Satish Chandra, J.
1. The Income-tax Officer, Kanpur, fixed February 27, 1973, for the hearing of the petitioner's cases for the assessment years1967-68, 1968 69 and 1969-70. The petitioner's case is that his pairokar could not attend the hearing of the case on that date. The Income-tax Officer passed three assessment orders for each of the assessment years in question. He added certain cash deposits to the assessable income of the petitioner as income from undisclosed sources. Aggrieved, the petitioner filed three different appeals. At the hearing of the appeals the petitioner desired to produce additional documentary evidence to disprove the finding with regard to the cash deposits. The prayer for production of additional evidence was, however, refused by the Appellate Assistant Commissioner on the ground that the case of the assessee was not covered by any of the provisions of rule 46A of the Income-tax Rules.
2. The assessee has filed the present petition to challenge the validity of rule 46A. According to him, rule 46A was ultra vires sections 250 and 251 of the Income-tax Act.
3. Section 250 provides an appeal to the Appellate Assistant Commissioner against, inter alia, an assessment order. Sub-section (4) of this section provides that the Appellate Assistant Commissioner may, before disposing of any appeal, make such further inquiry as he thinks fit, or may direct the Income-tax Officer to make further inquiry and report the result of the same to the Appellate Assistant Commissioner. Sub-section (5) provides that the Appellate Assistant Commissioner may, at the hearing of an appeal, allow the appellant to go into any ground of appeal not specified in the grounds of appeal, if the Appellate Assistant Commissioner is satisfied that the omission of that ground from the form of appeal was not wilful or unreasonable.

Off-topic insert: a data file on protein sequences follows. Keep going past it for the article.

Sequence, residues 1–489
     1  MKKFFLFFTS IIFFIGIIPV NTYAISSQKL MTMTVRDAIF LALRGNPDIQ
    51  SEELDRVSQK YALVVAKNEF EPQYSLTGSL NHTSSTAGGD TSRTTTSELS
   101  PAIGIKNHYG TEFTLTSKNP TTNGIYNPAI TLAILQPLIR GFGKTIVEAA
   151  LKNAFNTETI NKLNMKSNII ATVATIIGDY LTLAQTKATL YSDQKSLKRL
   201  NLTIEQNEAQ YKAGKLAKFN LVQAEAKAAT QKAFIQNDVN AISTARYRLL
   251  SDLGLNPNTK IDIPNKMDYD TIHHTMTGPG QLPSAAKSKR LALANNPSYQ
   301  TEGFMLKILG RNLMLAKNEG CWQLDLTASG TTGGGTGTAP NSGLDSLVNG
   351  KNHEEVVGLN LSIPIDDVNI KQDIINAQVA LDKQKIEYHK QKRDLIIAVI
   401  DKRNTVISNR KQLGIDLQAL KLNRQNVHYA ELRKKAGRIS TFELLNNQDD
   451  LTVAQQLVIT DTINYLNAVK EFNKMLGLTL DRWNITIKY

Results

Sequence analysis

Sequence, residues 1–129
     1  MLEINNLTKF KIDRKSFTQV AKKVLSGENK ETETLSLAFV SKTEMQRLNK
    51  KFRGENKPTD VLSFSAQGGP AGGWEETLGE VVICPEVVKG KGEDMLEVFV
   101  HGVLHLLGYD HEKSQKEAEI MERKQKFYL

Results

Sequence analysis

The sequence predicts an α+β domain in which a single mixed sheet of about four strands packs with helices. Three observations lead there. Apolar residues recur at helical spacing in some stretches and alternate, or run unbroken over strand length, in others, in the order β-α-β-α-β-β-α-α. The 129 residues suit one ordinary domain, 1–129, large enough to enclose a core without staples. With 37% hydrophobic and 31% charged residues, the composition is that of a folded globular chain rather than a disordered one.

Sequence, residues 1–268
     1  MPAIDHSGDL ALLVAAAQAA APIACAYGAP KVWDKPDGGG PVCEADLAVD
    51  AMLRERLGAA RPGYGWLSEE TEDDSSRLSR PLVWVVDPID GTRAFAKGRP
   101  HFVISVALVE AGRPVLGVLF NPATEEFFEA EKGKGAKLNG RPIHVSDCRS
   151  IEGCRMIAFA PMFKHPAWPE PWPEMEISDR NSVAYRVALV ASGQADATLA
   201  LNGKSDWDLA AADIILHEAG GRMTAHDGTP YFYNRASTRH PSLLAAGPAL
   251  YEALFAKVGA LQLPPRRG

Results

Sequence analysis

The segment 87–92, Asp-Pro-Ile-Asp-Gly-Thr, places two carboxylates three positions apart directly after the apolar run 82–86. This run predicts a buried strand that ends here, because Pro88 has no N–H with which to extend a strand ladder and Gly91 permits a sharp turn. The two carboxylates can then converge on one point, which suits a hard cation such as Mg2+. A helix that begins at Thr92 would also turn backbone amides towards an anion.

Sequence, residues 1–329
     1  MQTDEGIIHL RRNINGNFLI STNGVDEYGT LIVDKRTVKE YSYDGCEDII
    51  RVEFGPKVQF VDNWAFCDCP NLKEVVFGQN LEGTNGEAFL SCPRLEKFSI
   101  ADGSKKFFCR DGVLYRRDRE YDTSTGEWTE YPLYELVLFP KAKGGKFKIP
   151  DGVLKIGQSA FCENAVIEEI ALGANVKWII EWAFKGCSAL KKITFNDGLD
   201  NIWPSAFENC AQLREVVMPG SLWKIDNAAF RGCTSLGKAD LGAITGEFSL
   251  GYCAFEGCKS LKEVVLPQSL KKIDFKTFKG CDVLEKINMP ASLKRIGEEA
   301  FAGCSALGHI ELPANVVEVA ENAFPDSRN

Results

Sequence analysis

4. Section 251 enumerated the powers of the Appellate Assistant Commissioner. The Explanation added to Sub-section (2) of this section provides that in disposing of an appeal the Appellate Assistant Commissioner may consider and decide any matter arising out of the proceedings in which the order appealed against was passed, notwithstanding that such matter was not raised before him.
5. The Appellate Assistant Commissioner could, while disposing of an appeal, make such inquiry as he thought fit. He could permit a fresh or new ground to be raised in the appeal.
6. Rule 46A was added to the Income-tax Rules with effect from 1st April, 1973. It provides:
'46A. Production of additional evidence before the Appellate Assistant Commissioner.--(1) The appellant shall not be entitled to produce before the Appellate Assistant Commissioner any evidence, whether oral or documentary, other than the evidence produced by him during the course of proceedings before the Income-tax Officer, except in the following circumstances, namely:--
(a) where the Income-tax Officer has refused to admit evidence which ought to have been admitted ; or
(b) where the appellant was prevented by sufficient cause from producing the evidence which he was called upon to produce by the Income-tax Officer; or